With Douglas-Roberts hobbling, Tigers keep cool, produce plays that send Nevada packing
By Dan Wolken
March 19, 2007
NEW ORLEANS -- An ankle turns. A ball caroms off the rim after going down halfway. An argument begins. A lead evaporates. The University of Memphis' berth in the Sweet 16 starts slipping away.
And so with 4 minutes and 59 seconds remaining Sunday at New Orleans Arena, John Calipari called the Tigers into a huddle and asked just how much more they were prepared to squeeze from this team and this season.
Chris Douglas-Roberts, the Tigers' leading scorer, was gone to the locker room and not coming back. The slim 4-point lead over Nevada, which had been two moments earlier, had given Memphis a reason to doubt its fate.
"You didn't know what to expect," Calipari said.
But maybe he should have, because this is what he built Memphis to be: A team that proved its grit, showcased its depth and relied on its togetherness to pull away for a 78-62 victory that puts the No. 2 seeded Tigers in consecutive Sweet 16s for the second time in school history.
And though it could be a bitter-Sweet 16 with Douglas-Roberts' status up in the air due to a mild-to-moderate left ankle sprain suffered with 8:11 to go, there was only joy Sunday as Memphis earned a trip to San Antonio's Alamodome, where the Tigers will face No. 3 seed Texas A&M in a South Regional semifinal Thursday at 6:27 p.m.
"When our leading scorer goes down and we come together like that, as a coach, it's kind of emotional," Calipari said.
For every team that plays deep into March, there are moments that come to define them and players that find ways to push beyond their limits.
And the Tigers (32-3) will look back at Sunday's victory as a testament to sophomore guard Antonio Anderson, whose remarkable performance of 14 points, 10 rebounds, four assists and no turnovers was put into context with 4:04 remaining, when he saved a rebound off Joey Dorsey's missed free throw. Seconds later, Andre Allen's driving layup gave the Tigers a 69-62 lead with 3:40 to go.
And Memphis will also remember the effort of sophomore forward Robert Dozier, who harassed Nevada star Nick Fazekas into a 7-of-18 shooting performance and played with the power and aggressiveness he has lacked much of this season.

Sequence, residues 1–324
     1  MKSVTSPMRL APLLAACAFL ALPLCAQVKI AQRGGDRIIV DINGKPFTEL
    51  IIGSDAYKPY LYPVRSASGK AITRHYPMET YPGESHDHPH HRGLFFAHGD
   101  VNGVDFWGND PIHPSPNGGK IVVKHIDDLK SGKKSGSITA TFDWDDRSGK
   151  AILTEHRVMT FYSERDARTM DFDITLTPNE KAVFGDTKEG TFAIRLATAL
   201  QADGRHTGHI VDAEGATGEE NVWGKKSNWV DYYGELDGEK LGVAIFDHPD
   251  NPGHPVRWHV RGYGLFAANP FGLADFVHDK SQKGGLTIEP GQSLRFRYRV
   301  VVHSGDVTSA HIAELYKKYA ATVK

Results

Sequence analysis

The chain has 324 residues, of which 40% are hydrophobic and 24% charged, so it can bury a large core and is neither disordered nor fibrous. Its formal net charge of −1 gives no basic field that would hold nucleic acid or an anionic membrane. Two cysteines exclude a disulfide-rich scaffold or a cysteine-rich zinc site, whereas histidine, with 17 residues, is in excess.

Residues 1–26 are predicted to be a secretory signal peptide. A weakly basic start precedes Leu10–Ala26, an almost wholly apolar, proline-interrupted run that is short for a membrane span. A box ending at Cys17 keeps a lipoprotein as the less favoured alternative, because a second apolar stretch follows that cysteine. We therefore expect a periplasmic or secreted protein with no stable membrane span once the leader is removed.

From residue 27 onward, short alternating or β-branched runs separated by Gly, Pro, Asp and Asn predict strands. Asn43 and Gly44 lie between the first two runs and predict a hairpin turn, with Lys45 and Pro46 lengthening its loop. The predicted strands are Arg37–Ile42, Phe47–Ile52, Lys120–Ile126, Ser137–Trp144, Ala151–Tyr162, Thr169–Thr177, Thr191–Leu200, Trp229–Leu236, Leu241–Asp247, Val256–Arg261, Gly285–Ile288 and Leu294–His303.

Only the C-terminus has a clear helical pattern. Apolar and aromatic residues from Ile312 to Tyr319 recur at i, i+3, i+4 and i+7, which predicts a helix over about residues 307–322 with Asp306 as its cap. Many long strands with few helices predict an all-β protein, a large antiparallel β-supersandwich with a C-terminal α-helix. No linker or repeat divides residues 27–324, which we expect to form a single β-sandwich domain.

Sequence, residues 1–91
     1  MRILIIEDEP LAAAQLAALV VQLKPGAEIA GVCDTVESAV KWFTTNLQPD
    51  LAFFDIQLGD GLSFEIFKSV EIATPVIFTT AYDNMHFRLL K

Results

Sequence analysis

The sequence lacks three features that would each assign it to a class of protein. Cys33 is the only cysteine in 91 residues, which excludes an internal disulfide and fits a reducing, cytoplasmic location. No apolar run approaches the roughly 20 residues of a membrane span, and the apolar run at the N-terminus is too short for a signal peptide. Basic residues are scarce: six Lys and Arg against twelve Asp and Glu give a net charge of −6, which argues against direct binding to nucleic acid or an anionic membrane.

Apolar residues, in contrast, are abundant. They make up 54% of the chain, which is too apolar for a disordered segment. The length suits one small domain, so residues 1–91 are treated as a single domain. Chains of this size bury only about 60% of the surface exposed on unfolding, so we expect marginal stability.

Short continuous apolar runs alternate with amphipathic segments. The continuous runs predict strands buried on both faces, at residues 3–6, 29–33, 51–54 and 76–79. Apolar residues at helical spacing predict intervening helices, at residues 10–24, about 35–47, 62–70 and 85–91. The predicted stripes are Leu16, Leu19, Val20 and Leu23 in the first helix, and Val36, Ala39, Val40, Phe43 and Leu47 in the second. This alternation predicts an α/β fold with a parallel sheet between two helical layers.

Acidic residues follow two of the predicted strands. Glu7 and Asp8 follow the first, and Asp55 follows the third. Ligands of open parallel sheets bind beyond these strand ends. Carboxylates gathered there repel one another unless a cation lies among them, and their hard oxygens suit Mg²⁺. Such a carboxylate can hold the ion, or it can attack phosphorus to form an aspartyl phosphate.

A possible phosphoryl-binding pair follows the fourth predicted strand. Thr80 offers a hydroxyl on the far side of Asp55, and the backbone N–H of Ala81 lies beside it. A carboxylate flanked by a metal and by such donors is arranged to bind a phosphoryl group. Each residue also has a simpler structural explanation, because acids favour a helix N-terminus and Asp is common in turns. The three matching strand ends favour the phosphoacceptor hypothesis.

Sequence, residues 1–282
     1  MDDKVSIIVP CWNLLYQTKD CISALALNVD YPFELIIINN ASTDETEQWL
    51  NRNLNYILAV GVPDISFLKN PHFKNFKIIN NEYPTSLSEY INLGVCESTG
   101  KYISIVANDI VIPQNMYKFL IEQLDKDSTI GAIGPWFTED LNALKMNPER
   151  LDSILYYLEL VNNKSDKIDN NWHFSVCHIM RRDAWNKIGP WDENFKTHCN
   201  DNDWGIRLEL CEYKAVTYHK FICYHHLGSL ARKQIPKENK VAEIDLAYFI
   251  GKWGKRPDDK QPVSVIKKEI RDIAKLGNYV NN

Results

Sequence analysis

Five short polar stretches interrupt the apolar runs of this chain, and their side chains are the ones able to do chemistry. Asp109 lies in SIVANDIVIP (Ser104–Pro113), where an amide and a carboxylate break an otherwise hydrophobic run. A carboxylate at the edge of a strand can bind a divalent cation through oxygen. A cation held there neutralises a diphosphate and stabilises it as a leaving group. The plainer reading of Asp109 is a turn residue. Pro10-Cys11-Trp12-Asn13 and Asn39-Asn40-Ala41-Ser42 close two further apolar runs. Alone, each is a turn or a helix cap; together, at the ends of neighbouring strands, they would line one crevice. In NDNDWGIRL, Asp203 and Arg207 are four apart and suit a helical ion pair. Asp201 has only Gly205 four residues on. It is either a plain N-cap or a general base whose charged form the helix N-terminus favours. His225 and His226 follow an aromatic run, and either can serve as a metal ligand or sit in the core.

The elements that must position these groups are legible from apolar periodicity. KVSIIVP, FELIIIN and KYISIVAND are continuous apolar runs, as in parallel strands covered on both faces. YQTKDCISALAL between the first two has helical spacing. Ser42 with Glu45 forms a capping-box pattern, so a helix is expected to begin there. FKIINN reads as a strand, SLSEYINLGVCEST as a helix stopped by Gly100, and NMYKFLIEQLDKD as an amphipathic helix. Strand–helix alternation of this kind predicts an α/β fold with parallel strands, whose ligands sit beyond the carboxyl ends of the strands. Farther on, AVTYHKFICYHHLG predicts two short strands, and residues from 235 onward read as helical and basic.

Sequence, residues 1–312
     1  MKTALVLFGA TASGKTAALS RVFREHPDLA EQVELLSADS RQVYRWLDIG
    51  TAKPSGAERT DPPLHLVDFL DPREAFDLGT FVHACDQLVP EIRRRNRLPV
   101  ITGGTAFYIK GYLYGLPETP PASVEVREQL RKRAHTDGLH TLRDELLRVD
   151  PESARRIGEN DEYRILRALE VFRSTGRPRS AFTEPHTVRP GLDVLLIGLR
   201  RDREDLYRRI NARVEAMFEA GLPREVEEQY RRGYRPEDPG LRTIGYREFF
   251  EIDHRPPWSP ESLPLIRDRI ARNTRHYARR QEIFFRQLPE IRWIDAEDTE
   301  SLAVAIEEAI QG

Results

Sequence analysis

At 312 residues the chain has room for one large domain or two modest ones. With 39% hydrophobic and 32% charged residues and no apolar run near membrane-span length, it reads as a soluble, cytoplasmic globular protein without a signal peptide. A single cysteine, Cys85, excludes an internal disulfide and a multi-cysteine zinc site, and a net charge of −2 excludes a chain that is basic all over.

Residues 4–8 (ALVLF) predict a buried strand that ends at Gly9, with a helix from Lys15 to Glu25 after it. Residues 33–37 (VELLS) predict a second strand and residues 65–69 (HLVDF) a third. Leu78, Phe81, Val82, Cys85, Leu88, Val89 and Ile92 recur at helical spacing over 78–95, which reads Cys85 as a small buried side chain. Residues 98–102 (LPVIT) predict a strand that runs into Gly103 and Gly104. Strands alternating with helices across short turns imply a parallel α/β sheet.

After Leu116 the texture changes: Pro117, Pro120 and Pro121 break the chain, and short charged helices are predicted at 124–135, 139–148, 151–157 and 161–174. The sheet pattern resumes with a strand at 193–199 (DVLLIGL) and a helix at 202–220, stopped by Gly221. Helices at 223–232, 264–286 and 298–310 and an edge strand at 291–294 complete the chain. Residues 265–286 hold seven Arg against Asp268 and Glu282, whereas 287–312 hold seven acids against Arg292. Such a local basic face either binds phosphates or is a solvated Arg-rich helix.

With 2:30 to go, Dozier grabbed the most important of his eight rebounds, ripping the ball away from Fazekas after Marcelus Kemp's missed 3-pointer. It turned out to be the rebound that sent Memphis to the Sweet 16 because with 1:54 left, Allen fed Anderson for a backdoor layup that put Memphis in front, 71-62.
By the time it was over, Memphis had out-scored Nevada 14-0 over the final 4:59 after the Wolf Pack (29-5) cut its deficit to 64-62.
"Basically, we know Chris is our go-to guy," Anderson said. "We all knew we had to dig a little deeper, do a little more than what we're capable of doing and try to get things done without him. We knew we had to do that for him."
The irony in Memphis pulling away without Douglas-Roberts is that it could not pull away with him at any time Sunday.
Though the Tigers' quickness and length clearly was too much for Nevada -- Memphis held the Wolf Pack to 36.8 percent shooting and had a 40-30 rebounding edge -- the Tigers led just 37-33 at halftime. And the reason was missed layups by everybody from Anderson to Douglas-Roberts to Hunt, who blew two wide-open opportunities in the first half and a couple more in the second.
"I'm going to guess 10 layups," Calipari said. "Let's be real, 12 layups. I mean like, How did you miss that? At one point it's 11-8 and I look at my staff (and said), Guys, we've got problems. It should be 25-8. We've missed six layups already."
Still, the Tigers had pushed a 3-point edge with 9:44 remaining to 64-57 after two Dorsey free throws. After Nevada's Kemp threw away a pass, Memphis was suddenly poised to open the lead. But on that possession, Douglas-Roberts went up hard for a layup and came down harder, his left ankle twisting almost as far as it could go without breaking.
As he was being helped to the locker room, a Hunt 3-pointer that would have given Memphis a 10-point lead rattled out. Moments later, Denis Ikovlev hit a 3-pointer, Fazekas made two free throws and freshman Doneal Mack threw away a pass, giving Nevada an opportunity to tie.
But Dozier, playing near-perfect defense on Fazekas, forced a miss from in close. Everything went the Tigers' way from there.
"We just had to dig deep on the defensive side, come up with lose balls, force some turnovers to get them out of synch, and we did," Dozier said.
After the game, a reporter tried to ask the Tigers what kind of winning mentality they had developed by winning now 24 straight games. Calipari immediately stopped the question.
"What winning streak?" Calipari said. "We're 2-0."
And one of 16.